Correctly Displaying Fine Art Photography

By Sam Zaydel

Though most quality prints are printed on Archival papers, such as Fuji Crystal Archive Papers or Kodak Endura Professional Papers, it is essential to consider a few important aspects to maximize the life of any print you are planning to display.

Things to Avoid

* Avoid placing your Fine Art Prints in direct exposure to sunlight.

* Avoid places with high levels of moisture or humidity.

* Close to a source of direct heat, like near a wall heater, or a furnace.

Consider the Sun

If you are going to frame the print, and are planning on hanging it on the wall, you should consider the placement first of all. We recommend placing your print on a wall which does not receive direct sunlight. What’s wrong with sunlight? Well, sunlight is a full spectrum light, which means it packs many different frequencies of light, including UV (ultra-violet). The problem with UV is its effect on photographic papers. UV causes fading, simply put, regardless of the quality of paper used to produce the print. This does not mean that all prints, regardless of the paper, or method used to produce them, fade at the same rate.

Archival papers are meant to last. Special chemicals are used to protect these papers from long-term effects of UV, moisture and other factors. However, even archival prints are not immortal. While Archival papers are meant to last, over time they will also show signs of age. The good news? They will likely outlive you.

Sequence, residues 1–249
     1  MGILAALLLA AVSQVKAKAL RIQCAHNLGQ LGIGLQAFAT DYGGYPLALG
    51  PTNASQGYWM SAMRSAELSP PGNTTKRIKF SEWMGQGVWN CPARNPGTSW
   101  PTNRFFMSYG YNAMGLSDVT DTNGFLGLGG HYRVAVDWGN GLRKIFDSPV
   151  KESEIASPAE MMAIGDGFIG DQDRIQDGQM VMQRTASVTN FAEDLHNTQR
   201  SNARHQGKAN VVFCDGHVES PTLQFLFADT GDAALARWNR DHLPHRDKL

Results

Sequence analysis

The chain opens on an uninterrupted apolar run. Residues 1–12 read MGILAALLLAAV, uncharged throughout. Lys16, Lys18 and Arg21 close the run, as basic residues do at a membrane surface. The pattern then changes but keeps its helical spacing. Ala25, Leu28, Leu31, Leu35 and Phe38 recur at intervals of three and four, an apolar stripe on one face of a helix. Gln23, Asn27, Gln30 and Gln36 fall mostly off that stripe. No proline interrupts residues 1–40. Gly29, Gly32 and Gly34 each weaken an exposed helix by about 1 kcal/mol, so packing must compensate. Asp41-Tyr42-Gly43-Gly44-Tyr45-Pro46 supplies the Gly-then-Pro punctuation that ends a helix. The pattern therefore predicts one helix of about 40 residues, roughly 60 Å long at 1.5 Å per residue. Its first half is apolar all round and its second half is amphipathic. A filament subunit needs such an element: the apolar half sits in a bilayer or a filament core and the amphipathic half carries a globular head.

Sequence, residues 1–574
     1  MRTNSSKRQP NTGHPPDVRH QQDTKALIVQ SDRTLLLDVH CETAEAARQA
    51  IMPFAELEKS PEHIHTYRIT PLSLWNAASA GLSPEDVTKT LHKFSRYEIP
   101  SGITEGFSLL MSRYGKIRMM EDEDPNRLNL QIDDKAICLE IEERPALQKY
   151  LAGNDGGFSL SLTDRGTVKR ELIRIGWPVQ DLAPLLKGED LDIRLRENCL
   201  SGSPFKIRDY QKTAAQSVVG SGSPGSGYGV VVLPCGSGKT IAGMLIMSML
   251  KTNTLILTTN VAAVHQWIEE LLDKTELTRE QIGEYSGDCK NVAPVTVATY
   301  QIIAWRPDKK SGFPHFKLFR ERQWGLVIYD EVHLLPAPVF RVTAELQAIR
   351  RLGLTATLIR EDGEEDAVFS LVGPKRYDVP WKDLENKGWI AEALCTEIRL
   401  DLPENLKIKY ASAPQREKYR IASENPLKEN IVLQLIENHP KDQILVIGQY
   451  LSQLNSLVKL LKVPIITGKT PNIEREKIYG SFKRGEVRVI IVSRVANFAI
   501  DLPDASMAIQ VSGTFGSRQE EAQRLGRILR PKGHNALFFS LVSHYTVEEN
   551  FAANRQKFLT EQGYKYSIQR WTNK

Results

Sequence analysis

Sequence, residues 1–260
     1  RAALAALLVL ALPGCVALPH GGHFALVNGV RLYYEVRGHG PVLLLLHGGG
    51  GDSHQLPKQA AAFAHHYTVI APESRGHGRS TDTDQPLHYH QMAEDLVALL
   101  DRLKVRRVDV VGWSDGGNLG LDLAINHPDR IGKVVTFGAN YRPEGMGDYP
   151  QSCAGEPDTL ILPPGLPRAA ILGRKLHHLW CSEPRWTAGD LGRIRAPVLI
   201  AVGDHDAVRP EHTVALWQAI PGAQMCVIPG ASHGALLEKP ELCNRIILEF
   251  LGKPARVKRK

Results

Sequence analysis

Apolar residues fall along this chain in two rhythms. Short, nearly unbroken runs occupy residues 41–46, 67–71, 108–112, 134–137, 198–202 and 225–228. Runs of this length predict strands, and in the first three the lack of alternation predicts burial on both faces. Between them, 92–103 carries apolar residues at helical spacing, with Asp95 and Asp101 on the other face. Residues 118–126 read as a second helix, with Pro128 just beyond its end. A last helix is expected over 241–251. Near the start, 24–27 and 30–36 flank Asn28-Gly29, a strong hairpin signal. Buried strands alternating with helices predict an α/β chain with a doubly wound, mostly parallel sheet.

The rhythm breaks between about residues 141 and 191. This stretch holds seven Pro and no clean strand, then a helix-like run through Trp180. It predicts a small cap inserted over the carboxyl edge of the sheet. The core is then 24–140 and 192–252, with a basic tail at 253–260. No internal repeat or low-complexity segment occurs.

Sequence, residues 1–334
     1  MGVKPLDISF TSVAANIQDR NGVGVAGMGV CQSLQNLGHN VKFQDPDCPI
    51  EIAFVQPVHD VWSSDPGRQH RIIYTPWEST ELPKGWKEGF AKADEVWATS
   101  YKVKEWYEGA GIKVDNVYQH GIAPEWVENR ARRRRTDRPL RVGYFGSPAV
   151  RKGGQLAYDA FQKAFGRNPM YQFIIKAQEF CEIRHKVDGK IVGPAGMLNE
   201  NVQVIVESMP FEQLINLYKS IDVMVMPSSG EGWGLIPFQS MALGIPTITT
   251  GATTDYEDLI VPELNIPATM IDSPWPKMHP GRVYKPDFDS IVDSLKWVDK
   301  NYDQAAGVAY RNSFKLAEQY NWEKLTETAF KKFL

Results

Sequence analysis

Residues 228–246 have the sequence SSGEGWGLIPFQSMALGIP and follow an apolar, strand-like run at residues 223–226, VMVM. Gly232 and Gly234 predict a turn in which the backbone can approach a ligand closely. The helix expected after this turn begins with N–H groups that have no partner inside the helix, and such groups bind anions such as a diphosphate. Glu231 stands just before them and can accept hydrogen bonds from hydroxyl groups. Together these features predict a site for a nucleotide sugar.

Print Comparison

If you were to compare a print produced on a high-end inkjet printer using standard inks to a Fine Art Print produced in a Lab on Archival paper, initially they may appear of equal quality. But many inks are water based, and are not rated for archival usage. Such a print, if displayed properly, will perhaps last 3 to 5 years before any fading becomes visible. On the other hand, an archival print, also displayed properly, will last 50 or more years. Back to Top.

To Summarize

Place your prints into a quality frame, and hang it somewhere out of sun’s direct rays. There’s nothing wrong with light falling on the prints. After all, full spectrum light means your photos are going to shine. Indirect light is best, because it will not accelerate natural aging of your prints, and will provide soft even illumination. In today’s hi-tech world you may be able to purchase a frame with UV shielded glass, which is ideal, if your prints are going to receive quite a bit of direct sun light.

Try to hang you photos away from sources of heat and moisture, because both cause materials such as paper, and glues or tapes used to mount photos into mats to warp. The last thing you want to see is your print rippling in its frame.

Written by Professional Photographer, and an owner of a Photography Selling Service. To learn more about this, and many other general, as well as more specific photography related subjects, or to explore a Fine Art Photography gallery, please consider visiting Contemporary Fine Art Gallery.


  1. Sound advise, and applicable to other fine art including lithographs, etchings, watercolors, etc. Would like to see more about framing and the arrangement of art on the wall.


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